• :returns, a map of slots that may be found in messages sent in response to handling the indicated :op

The values in the :handles map are used to support the "describe" operation, which provides "a machine- and human-readable directory and documentation for the operations supported by an nREPL endpoint" (see and the results of lein with-profile +maint run here).

There’s also lein with-profile +maint run --output md if you’d like to generate an ops listing in Markdown format.

The :requires and :expects entries control the order in which middleware is applied to a base handler. In the add-stdin example above, that middleware will be applied after any middleware that handles the "eval" operation, but before the nrepl.middleware.session/session middleware. In the case of add-stdin, this ensures that incoming messages hit the session middleware (thus ensuring that the user’s dynamic scope — including in — has been added to the message) before the add-stdin’s handler sees them, so that it may append the provided `stdin content to the buffer underlying in. Additionally, add-stdin must be "above" any eval middleware, as it takes responsibility for calling clojure.main/skip-if-eol on in prior to each evaluation (in order to ensure functional parity with Clojure’s default stream-based REPL implementation).

The specific contents of a middleware’s descriptor depends entirely on its objectives: which operations it is to implement/define, how it is to modify incoming request messages, and which higher- and lower-level middlewares are to aid in accomplishing its aims.

nREPL uses the dependency information in descriptors in order to produce a linearization of a set of middleware; this linearization is exposed by nrepl.middleware/linearize-middleware-stack, which is implicitly used by nrepl.server/default-handler to combine the default stack of middleware with any additional provided middleware vars. The primary contribution of default-handler is to use nrepl.server/unknown-op as the base handler; this ensures that unhandled messages will always produce a response message with an :unknown-op :status. Any handlers otherwise created (e.g. via direct usage of linearize-middleware-stack to obtain a ordered sequence of middleware vars) should do the same, or use a similar alternative base handler.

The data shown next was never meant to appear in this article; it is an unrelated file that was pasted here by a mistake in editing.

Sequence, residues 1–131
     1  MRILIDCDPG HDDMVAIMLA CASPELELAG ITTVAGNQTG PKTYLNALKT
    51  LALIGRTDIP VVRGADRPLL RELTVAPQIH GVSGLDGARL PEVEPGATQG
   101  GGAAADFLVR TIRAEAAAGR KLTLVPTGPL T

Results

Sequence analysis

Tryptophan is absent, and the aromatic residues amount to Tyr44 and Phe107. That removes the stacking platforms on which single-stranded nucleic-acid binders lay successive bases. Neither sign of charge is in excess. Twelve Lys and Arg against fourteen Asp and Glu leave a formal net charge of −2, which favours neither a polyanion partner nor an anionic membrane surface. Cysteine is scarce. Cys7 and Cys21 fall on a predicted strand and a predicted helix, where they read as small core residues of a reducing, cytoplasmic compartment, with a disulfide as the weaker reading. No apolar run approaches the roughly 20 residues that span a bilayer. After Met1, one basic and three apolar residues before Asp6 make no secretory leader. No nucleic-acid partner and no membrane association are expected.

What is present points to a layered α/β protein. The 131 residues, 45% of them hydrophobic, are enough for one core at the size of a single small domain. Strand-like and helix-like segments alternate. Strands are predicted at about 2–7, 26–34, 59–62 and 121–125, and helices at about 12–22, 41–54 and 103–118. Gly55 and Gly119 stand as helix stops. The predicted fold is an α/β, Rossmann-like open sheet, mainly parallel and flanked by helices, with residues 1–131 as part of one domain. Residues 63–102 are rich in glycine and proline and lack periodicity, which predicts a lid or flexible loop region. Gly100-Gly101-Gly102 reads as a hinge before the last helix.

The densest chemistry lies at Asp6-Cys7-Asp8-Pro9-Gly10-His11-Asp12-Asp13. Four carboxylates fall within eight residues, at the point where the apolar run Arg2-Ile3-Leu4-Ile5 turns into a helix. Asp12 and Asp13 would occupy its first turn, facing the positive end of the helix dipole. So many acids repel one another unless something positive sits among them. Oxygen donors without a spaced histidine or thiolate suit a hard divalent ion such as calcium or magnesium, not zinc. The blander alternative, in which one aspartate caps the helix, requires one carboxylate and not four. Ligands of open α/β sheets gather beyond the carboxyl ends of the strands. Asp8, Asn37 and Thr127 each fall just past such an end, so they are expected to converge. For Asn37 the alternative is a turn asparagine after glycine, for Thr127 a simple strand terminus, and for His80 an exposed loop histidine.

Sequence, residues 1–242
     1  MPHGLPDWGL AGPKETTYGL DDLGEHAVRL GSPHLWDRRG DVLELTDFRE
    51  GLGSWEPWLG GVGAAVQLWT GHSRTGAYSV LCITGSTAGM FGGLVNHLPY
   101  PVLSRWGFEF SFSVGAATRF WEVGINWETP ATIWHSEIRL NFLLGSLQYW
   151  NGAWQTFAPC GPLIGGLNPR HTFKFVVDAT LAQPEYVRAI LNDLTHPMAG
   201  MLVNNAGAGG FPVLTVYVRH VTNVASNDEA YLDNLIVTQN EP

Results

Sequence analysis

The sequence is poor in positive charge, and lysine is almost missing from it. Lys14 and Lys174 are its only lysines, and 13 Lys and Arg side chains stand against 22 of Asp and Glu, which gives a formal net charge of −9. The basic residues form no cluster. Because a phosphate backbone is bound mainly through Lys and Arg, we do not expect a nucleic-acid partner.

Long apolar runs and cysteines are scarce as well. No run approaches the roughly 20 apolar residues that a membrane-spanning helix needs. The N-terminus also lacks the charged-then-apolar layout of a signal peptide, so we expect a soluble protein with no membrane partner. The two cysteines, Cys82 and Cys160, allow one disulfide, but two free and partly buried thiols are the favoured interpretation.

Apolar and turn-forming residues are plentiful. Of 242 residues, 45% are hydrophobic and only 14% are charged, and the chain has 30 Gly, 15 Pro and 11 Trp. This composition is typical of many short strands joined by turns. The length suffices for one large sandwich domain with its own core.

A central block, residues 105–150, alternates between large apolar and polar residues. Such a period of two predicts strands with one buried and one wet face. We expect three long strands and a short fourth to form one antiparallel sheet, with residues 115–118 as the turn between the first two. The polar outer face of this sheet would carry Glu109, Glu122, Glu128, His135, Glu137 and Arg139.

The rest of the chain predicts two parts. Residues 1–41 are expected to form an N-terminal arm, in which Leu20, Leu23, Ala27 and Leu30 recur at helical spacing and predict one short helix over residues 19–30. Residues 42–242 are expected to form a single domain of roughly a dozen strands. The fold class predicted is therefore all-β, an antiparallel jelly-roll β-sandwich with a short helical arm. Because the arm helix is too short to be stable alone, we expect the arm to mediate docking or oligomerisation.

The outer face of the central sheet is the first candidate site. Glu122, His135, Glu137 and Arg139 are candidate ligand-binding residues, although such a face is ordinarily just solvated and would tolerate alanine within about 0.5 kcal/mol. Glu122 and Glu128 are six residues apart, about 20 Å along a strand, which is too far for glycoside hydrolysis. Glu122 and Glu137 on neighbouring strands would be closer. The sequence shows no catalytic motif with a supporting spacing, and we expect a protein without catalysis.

There are two types of sessions: ephemeral sessions and long-lived sessions (or registered sessions).

When a message arrives without a session id, an ephemeral session is created and assigned to it. Ephemeral sessions are bound to the processing of a single message.

The only way to create a long-lived session is to clone an existing session (even an ephemeral one). Cloning a session creates a new session that initially shares the dynamic bindings of the original session.

Sessions (long-lived ones since they are the useful ones) serialize evaluations and make dynamic bindings available for inspection to other ops.

All other ops have no serialization guarantee (they are serialized in the current implementation since they run on the server IO thread). However evals run on a dedicated thread so a running eval can’t block another op.

Sessions become even more useful when different nREPL extensions start taking advantage of them. debug-repl uses sessions to store information about the current breakpoint, allowing debugging of two things separately. piggieback uses sessions to allow host a ClojureScript REPL alongside an existing Clojure one.

Pretty Printing

Pretty printing support was added in nREPL 0.5 and the API is still considered experimental.

nREPL includes a print middleware to print the results of evaluated forms as strings for returning to the client. This enables using libraries like puget to pretty print the evaluation results automatically. The middleware options may be provided in either requests or responses (the former taking precedence over the latter if any options are specified in both). The following options are supported:

  • :nrepl.middleware.print/print: a fully-qualified symbol naming a var whose function to use for printing. Defaults to the equivalent of clojure.core/pr.

    • The var must point to a function of three arguments:

      • value: the value to print.

      • writer: the to print on.

      • options: a (possibly nil) map of options.

    • Note well that the printing function is expected to not interact with *out* or *err* at all, even rebinding them (e.g. via with-out-str). Output may be printed to either of those streams during its operation – consider the following example: